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How to protect your data and money from hackers

Mortgage loan ransomware attacks are skyrocketing, but you have options to protect yourself
Data storage changes lead to more security needs
Mortgage loan ransomware attacks surge
Financial organizations coming under attack
Posted at 11:56 AM, Feb 06, 2024
and last updated 2024-02-06 13:56:34-05

Hackers are coming after the information associated with mortgage loans for our homes. It's a growing and troubling trend, but your cyber security is something you can prioritize.

Mark Ostrowski is the head of engineering at Check Point Software Technologies. He says these kinds of attacks are happening more often because of how much more financial data is stored digitally now.

"We've moved a long, long ways away from putting money in our mattress."
Mark Ostrowski

The spike in mortgage loan attacks is growing by the day. "What we've seen is an uptick, somewhere around 16% of more attacks being targeted to this industry," Ostrowski said.

Check Point Research found one in every 31 financial banking organizations around the world experience a ransomware attack each week. Ostrowski expects that number to keep growing.

"You've got a lot of high value information that's part of any type of finance."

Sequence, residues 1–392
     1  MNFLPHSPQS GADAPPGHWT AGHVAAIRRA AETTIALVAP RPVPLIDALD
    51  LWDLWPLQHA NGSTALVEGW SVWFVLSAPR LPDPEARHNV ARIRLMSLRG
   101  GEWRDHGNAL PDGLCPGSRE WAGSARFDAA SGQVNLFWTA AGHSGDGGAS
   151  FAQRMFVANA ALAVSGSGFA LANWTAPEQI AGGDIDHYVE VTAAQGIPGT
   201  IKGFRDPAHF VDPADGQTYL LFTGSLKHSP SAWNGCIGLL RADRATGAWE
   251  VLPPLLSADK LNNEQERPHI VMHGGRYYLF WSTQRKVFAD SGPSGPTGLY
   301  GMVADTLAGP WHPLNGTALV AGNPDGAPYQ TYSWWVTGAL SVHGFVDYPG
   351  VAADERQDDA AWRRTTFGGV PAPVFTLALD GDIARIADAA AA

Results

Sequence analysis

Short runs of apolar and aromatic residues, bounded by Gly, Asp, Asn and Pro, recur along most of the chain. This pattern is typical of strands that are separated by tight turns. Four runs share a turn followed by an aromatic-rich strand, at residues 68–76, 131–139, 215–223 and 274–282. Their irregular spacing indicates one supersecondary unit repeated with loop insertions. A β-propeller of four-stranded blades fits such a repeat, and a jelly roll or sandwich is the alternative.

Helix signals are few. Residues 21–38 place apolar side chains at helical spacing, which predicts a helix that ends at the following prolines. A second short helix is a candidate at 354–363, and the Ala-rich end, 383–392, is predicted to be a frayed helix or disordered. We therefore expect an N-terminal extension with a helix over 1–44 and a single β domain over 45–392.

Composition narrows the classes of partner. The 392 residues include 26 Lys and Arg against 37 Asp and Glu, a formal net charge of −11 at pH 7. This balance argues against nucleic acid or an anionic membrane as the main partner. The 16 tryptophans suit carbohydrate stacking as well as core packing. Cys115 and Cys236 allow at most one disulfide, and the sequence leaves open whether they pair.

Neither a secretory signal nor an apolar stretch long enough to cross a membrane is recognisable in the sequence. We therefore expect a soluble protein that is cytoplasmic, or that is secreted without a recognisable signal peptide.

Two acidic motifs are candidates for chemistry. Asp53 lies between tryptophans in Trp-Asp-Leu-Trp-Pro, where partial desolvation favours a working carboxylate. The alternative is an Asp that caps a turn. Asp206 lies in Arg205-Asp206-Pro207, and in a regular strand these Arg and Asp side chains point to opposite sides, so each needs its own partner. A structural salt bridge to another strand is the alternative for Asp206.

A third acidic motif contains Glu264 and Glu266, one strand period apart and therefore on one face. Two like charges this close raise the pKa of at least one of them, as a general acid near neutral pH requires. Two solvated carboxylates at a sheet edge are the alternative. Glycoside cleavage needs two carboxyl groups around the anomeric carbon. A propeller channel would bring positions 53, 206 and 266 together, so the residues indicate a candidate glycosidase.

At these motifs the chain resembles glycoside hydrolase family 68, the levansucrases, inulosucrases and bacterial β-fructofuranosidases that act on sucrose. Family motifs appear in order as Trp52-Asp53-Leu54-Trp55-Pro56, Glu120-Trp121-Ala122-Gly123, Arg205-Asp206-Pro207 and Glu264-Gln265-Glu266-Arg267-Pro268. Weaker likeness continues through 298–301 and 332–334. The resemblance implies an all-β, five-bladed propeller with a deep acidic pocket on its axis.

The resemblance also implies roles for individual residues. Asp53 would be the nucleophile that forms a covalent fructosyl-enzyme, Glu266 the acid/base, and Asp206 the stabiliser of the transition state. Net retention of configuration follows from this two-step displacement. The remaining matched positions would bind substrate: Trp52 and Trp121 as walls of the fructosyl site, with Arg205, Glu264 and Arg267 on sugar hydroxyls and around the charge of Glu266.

Mark Ostrowski

While most attacks do fail, there's a lot at stake. "Name, address, and then really the holy grail of like social security numbers, bank account numbers," said Ostrowski, emphasizing that a home is the biggest purchase most people make, which makes mortgage loans especially attractive to hackers.

So how can you protect your identity?

First, be proactive. "Looking at our credit reports," Ostrowski said. "Looking at activity."

If you do find out your information has been stolen, don't hesitate to act. "Think about changing passwords and putting multi-factor authentication," said Ostrowski.

That means checking all of your online accounts, from banking to social media. "Look at your high value assets yourself and then work your way down," Ostrowski explained.

Locking up your digital data is just as important as locking your doors at night. Ostrowski says being proactive can seem frustrating, but it may save you time, effort, and money in the long run. "The homework to do after your identity is stolen is a lot more than doing the precautionary stuff first."